General Strategies for Tendonitis
The real general advice is something you probably already know. Listen to your body, and if something hurts, quit doing it. If it hurts when you're not active, take a few days off. And if it continues to hurt after a week or more of rest, go see a doctor and physical therapist.
Advice for gym climbing
It sounds like you're coming straight "off the couch" and trying to do indoor bouldering as much as you can, as hard as you can. I'd recommend caution about that. That sounds like a receipt for tendon injury, exactly what you're trying to avoid.
Instead, just ramp up slowly. All of the structured climbing training plans I've ever seen all assumed that the athlete was experienced and well conditioned, and in pretty good climbing-shape to begin with. If you're not up to a basic level of climbing conditioning, the aggressive kind of training I think you're trying to do will just injure you.
Ramp up more slowly, focus on technique, having fun
If you want to get back into the gym and you're worried about overdoing it, don't try to train for multiple sessions a day. Just warm up and do one session, then go home. Don't try to climb more than 2 or 3 times a week, and not on consecutive days.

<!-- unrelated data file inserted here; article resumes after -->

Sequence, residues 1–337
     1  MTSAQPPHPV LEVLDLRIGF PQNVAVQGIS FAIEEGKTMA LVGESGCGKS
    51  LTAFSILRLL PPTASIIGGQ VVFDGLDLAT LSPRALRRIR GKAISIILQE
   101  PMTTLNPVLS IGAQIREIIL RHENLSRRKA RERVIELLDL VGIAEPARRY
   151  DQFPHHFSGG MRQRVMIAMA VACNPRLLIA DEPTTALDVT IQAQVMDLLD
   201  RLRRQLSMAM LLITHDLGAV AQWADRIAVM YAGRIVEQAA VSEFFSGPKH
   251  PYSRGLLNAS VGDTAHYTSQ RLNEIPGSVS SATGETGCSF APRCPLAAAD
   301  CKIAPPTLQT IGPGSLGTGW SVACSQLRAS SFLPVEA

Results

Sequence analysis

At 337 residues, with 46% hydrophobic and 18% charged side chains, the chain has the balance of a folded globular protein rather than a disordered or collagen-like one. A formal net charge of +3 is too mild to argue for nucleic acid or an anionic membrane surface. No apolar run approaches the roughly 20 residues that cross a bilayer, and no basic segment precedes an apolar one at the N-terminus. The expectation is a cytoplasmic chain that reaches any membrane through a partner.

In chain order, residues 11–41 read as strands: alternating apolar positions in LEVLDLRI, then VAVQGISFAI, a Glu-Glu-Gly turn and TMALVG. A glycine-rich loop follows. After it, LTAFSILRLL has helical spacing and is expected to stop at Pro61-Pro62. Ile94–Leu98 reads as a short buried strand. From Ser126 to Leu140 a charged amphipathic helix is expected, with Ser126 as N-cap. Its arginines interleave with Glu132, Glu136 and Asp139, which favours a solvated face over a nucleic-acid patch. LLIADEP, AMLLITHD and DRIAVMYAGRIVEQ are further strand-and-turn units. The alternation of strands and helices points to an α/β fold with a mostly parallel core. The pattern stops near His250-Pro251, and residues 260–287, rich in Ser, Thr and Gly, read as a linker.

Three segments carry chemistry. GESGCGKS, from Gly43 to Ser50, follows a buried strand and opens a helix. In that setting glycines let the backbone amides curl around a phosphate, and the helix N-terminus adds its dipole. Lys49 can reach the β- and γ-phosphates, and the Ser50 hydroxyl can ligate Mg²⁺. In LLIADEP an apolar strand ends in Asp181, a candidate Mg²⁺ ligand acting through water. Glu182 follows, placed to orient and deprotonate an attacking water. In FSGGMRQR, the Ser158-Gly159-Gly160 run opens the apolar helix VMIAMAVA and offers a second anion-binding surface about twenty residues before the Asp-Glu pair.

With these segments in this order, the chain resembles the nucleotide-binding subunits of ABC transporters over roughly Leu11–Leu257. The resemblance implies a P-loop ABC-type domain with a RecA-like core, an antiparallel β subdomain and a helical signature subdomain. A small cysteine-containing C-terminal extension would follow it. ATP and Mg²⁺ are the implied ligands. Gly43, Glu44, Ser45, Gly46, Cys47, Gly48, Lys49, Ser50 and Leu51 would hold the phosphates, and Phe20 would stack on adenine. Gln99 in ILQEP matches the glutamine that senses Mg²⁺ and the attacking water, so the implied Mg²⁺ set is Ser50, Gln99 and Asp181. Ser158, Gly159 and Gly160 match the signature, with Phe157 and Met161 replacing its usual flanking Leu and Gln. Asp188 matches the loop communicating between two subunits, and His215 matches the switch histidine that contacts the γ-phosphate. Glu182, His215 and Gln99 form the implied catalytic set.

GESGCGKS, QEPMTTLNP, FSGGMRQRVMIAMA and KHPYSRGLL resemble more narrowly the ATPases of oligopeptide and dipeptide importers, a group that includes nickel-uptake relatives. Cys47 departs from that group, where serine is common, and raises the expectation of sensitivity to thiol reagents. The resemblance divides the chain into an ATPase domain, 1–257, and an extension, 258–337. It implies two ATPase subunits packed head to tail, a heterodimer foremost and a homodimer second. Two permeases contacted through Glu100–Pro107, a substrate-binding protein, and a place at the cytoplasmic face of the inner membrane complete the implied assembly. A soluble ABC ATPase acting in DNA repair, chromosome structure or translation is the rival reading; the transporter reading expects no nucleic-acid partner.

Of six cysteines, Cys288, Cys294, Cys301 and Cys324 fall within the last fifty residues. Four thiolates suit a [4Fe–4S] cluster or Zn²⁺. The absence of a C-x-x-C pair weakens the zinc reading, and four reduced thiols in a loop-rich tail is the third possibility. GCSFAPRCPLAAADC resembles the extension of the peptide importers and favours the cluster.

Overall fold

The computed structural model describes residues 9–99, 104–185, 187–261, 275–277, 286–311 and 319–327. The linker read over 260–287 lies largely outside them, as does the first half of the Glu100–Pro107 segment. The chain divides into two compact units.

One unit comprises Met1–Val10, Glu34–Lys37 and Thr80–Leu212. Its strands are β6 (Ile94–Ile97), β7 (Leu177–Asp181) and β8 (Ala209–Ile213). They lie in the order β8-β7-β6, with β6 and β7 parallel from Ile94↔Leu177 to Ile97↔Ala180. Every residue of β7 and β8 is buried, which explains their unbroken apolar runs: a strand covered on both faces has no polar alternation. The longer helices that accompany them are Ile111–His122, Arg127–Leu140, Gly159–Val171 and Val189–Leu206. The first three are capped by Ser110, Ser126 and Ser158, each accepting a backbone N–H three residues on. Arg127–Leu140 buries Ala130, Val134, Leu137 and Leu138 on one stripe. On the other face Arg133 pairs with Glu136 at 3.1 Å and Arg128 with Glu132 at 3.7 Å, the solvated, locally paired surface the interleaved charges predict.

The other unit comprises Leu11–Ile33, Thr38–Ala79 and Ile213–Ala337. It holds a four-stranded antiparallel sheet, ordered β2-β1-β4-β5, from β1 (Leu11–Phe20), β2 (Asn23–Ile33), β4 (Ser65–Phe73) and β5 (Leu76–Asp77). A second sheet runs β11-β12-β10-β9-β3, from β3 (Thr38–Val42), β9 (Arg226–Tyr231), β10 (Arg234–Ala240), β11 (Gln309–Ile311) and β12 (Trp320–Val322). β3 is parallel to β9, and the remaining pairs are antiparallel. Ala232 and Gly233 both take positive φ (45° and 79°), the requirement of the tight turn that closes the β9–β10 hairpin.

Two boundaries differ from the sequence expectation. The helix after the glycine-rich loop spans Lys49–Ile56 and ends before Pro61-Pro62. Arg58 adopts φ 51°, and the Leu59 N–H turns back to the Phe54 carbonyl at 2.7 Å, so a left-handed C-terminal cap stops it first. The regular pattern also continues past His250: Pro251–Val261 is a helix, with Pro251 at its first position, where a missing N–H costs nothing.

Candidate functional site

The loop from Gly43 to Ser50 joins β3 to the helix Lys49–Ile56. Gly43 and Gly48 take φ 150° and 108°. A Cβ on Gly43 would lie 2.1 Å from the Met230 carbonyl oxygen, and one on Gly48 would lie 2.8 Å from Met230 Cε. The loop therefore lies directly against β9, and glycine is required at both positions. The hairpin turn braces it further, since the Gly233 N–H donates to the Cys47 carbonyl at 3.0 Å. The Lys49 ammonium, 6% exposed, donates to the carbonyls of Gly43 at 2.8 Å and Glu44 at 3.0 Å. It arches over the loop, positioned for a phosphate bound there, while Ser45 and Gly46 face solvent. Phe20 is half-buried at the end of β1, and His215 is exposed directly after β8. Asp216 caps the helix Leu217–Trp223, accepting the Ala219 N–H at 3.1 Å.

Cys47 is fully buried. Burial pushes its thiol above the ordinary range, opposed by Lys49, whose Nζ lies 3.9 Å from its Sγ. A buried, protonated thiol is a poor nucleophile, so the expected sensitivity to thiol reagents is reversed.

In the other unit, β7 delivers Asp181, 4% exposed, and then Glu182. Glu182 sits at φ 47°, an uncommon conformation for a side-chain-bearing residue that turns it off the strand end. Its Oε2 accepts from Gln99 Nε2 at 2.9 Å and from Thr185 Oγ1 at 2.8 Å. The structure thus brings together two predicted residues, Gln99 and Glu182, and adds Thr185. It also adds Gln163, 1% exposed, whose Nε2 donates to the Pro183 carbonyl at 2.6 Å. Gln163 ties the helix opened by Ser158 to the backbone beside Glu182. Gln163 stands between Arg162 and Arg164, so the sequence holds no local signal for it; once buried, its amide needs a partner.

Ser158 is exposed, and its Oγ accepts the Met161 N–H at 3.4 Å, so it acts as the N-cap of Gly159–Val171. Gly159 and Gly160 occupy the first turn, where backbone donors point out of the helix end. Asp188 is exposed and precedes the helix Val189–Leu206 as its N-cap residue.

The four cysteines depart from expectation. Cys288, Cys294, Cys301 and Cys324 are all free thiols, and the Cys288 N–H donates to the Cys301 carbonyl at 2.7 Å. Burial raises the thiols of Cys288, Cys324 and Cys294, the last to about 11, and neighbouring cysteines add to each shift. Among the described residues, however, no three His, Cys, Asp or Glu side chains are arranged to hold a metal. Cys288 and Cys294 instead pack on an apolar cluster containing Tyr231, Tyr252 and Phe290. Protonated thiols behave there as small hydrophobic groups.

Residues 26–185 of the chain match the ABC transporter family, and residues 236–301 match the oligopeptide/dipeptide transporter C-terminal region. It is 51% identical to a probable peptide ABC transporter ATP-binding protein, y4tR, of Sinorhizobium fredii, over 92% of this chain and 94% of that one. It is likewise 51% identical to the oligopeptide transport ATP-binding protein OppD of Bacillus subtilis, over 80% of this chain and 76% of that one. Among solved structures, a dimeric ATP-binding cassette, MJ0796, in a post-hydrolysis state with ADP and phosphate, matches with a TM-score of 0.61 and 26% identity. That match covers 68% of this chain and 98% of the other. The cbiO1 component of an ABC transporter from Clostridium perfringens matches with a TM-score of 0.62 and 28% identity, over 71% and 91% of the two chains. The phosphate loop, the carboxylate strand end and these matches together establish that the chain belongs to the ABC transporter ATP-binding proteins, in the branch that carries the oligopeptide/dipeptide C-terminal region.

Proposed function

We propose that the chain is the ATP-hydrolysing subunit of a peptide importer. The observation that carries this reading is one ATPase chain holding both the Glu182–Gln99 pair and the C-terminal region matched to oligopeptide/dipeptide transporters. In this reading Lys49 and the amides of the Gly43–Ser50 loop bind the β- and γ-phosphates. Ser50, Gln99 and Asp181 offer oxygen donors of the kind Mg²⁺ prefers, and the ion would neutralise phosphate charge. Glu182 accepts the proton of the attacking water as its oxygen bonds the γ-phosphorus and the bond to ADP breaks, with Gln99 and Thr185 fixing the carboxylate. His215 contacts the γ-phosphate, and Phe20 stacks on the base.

When you're in the gym on a given night, warm up and stretch first. Then climb whatever easy boulder problems you can. Focus on things you can easily onsite. Gradually work through problems you've done before, until you're repeating routes just below your limit. Then try and project one or two problems at your limit.
Its time to go home for the day when:
- You find yourself repeatedly falling out of moves you could do earlier in the night
- You find yourself having to crimp on every single hold, including ones you can usually grab with an open-hand grip. More than anything else, this is a sign that you've exhausted your fingers, and that your risk of tendon injury is starting to rise.
You can usually pick up lots of technical pointers by watching other people climb the same routes as you, and just hanging out in the bouldering area. You could also look into a skills class or group coaching class, if your gym offers one.
"Novice Gains" are your friend
This kind of very basic, semi-structured bouldering will still wear you out, and produce a positive training affect. You'll develop more strength and endurance in your fingers, build a better base of technique, and get to know more climbers in the gym all without having to kill yourself trying to train multiple sessions a day, or being on a super strict training plan. Take advantage of this. Ride that pony until it dies. Then go out looking for a more aggressive plan.